How to start writing a book

I recently had a former student email me asking for advice on how to write a book on a personal topic.

“It just showed up in my mind,” she said. “And hasn’t gone away ever since.”

But she didn’t know what to do next.

“I have no idea where to start,” she wrote. “So I guess my real question is, what the heck do I do?”

I’m not an expert by any means. I’ve written one book and am working on a second one.

But I know what it feels like to have an idea that you want to share with the world and then… now what? We’ve all been there.

I’ve found that in the beginning, it helps to keep it extremely simple. Editing, illustration, publishing, promotion, marketing — all that can wait. It will only distract you right now.

I responded to the email with these four steps, and am sharing it here as well in case it can assist anyone else. If it’s helpful, pay it forward — today is Random Acts of Kindness Day.

List the main ideas

If you haven’t already, write down as many of your main ideas on paper as you can. List them out so you can see them and look them over. You may find when you do this that you see different themes emerge that you can categorize and clump together.

For me, whenever I have a bunch of free-floating ideas, I fall back on my journalism training and organize them into the categorizes of why, who, what, when, where and how (always starting with why). That always helps put structure to my ideas, and also helps me see if I’m skimping or missing ideas in any one area.

There are many ways to organize your ideas into categories, like Disney’s use of the hero’s journey. But if you come up with a structure it’s easier to plan out a beginning, middle and end.

Write a letter

Thinking of your ideas as a letter gets you out of the mindset of “I’m writing a book” or even “I’m writing a blog” and gets you to focus on what you actually want to say.

I once heard a talk from a Marquette University alumna who won a Pulitzer Prize for writing a series on famine in Africa. She said that after several drafts of frustration and not knowing where to start, she took a break and started writing a letter to her mom about her experiences. It was only after she was finished writing to her mom that she realized she had just written the first draft what would become her series.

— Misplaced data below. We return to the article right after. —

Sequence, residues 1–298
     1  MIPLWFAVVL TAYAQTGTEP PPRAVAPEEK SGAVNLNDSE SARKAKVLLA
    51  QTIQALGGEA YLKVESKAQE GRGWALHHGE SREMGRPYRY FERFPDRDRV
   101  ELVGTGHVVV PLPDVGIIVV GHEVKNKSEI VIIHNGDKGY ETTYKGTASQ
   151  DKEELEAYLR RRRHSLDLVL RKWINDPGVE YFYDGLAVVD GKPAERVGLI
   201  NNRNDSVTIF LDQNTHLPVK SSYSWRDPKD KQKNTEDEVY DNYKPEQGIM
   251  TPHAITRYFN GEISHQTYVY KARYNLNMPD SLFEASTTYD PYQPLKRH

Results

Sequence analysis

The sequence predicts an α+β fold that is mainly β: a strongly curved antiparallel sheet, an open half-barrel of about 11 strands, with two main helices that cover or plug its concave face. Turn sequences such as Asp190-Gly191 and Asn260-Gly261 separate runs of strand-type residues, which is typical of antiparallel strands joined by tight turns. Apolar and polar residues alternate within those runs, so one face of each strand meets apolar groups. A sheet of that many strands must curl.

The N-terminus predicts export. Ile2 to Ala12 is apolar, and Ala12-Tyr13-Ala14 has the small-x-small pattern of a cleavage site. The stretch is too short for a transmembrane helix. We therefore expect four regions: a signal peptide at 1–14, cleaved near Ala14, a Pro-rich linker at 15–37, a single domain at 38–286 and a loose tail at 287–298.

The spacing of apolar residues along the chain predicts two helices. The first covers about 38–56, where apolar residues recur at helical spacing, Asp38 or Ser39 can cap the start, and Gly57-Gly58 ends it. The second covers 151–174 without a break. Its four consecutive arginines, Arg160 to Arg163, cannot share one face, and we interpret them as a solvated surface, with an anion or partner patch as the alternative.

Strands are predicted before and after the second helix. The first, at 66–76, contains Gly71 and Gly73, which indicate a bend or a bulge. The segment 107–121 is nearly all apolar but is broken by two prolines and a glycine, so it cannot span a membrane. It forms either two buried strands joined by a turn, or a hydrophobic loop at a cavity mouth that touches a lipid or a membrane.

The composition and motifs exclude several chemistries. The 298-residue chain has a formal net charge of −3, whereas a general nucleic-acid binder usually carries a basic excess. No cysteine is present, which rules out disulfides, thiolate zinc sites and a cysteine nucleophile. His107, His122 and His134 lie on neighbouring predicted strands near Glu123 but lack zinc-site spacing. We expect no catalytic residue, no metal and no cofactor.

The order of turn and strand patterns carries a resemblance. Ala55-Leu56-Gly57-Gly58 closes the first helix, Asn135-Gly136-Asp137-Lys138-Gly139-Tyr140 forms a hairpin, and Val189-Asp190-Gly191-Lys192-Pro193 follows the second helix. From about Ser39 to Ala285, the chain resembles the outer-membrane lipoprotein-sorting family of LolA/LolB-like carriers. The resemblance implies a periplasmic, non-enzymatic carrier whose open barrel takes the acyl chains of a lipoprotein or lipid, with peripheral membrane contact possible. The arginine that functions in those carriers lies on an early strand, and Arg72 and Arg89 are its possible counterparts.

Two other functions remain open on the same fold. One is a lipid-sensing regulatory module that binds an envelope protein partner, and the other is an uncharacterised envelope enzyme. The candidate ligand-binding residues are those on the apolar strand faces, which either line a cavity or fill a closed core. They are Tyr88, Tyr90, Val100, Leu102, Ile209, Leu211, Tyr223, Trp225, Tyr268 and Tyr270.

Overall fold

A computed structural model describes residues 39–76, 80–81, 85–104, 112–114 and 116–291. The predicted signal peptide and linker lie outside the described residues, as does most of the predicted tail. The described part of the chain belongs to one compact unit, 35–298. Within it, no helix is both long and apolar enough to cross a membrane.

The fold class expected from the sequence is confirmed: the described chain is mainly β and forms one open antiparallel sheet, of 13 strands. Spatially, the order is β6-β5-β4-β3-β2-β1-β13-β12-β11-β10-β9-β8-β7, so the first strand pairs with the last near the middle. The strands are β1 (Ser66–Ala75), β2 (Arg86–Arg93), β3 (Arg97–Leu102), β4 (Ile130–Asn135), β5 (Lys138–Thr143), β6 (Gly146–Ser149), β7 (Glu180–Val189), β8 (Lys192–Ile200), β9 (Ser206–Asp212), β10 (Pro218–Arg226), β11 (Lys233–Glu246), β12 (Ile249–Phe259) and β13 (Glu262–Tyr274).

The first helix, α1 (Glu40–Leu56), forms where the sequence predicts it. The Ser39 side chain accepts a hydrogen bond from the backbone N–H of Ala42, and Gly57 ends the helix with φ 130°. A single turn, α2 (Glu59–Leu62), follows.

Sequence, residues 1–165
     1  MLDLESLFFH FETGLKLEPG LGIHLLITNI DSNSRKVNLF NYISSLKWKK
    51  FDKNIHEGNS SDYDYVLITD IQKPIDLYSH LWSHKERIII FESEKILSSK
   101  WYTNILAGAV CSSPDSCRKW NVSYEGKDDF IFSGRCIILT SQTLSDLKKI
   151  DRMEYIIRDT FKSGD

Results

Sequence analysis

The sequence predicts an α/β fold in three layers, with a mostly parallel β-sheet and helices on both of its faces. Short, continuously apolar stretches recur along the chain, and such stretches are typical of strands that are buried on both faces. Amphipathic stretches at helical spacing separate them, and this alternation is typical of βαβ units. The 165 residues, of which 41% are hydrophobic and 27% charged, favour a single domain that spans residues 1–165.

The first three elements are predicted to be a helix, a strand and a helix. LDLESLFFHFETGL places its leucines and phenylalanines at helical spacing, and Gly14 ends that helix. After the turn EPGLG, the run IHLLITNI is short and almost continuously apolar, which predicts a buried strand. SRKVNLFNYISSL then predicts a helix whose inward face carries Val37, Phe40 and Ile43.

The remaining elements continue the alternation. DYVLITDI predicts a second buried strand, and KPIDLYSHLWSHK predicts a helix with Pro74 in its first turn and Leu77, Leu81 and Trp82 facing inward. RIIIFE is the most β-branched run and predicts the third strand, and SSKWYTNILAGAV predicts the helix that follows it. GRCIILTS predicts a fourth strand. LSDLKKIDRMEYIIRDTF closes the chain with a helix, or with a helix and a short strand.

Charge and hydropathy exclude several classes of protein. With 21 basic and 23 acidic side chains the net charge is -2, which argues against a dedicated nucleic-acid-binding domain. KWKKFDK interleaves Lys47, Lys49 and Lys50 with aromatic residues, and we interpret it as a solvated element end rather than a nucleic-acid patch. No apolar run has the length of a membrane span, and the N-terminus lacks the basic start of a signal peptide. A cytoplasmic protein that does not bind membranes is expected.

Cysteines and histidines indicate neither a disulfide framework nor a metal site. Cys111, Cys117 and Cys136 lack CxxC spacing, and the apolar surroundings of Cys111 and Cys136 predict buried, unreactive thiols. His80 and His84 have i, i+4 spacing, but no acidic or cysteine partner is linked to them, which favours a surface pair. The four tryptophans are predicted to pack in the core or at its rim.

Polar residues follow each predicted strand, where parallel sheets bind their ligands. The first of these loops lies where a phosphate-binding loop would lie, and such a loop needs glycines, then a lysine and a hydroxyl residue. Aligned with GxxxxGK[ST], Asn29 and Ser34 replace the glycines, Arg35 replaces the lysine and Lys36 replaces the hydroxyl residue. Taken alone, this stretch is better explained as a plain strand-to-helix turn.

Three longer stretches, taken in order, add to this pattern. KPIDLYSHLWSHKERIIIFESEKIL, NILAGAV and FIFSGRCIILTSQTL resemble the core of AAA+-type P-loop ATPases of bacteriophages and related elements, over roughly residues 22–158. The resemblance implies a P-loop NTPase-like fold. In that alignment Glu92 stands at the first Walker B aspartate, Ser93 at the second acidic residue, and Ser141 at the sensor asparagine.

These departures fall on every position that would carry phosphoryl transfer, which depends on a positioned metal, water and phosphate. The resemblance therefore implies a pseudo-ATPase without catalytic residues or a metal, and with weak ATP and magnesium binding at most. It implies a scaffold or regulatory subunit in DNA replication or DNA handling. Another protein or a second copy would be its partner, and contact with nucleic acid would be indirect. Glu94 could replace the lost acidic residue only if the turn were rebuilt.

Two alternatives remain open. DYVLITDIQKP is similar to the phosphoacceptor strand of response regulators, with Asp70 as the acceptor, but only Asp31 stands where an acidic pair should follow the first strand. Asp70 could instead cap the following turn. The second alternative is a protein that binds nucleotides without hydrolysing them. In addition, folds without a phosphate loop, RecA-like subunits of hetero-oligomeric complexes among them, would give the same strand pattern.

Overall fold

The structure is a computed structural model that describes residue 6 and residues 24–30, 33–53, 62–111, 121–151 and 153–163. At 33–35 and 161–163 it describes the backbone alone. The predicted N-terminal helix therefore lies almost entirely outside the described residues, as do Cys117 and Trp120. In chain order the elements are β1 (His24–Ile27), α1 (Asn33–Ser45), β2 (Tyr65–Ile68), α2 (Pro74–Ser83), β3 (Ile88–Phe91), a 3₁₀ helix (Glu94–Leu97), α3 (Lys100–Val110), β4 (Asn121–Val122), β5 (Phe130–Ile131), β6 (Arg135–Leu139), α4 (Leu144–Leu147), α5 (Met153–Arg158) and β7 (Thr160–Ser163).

Austin Kleon wrote that “Steal Like an Artist” was advice to his 19-year-old self — saying “All advice is autobiographical.”

Great authors have done this.

If you think of the Bible — the best-selling book of all time — a lot of that was written as advice to others, such as Paul’s epistles.

So who can you write this letter to? Is it your younger self? Who do you want to talk to?

Picture someone tangible in mind and write openly and honestly to that person.

Write the book you want to read

Another Kleon-ism. This was enormously helpful to me when I wrote a textbook for my social media class a few years ago. There was nothing on the market for what I needed. So I wrote my own. But I found myself getting stuck whenever I fell into the trap of what I thought a textbook should sound like.

When I caught myself doing that, I paused and asked myself what do I want to say and what do I want others to know. I’ve heard of a similar approach from successful authors. They wrote because no one had written the book in their mind that they wanted to read.

So what do you want to read? Is it a children’s book? Is it a collection of quotations? Is it a how-to type manual? What would make you stop and say, I need to read this book.

Get feedback — but sparingly

Sometimes a little feedback can go a long way in steering you in the right direction. But too much feedback can be overwhelming or even paralyze your writing. It can confuse you or get you bogged down in details.

When I have an idea to write about, I like to test the waters on Facebook or Twitter to see if my idea sparks any interest. Sometimes that produces great ideas and helps point out areas I may have overlooked. Other times, it’s too all over the place to be much help. It depends.

There’s a delicate balance between being open to new ideas and getting help from others, and then shutting out the rest of the world and giving yourself space to think and produce. It’s a messy process. But you’ll figure it out.

So on that note, I hope you embrace and enjoy the messy process! When you’re done with all that, I’d be happy to talk publishing, but don’t worry about that step right now. I’m excited for your journey and I really want to read your book. Keep me posted!

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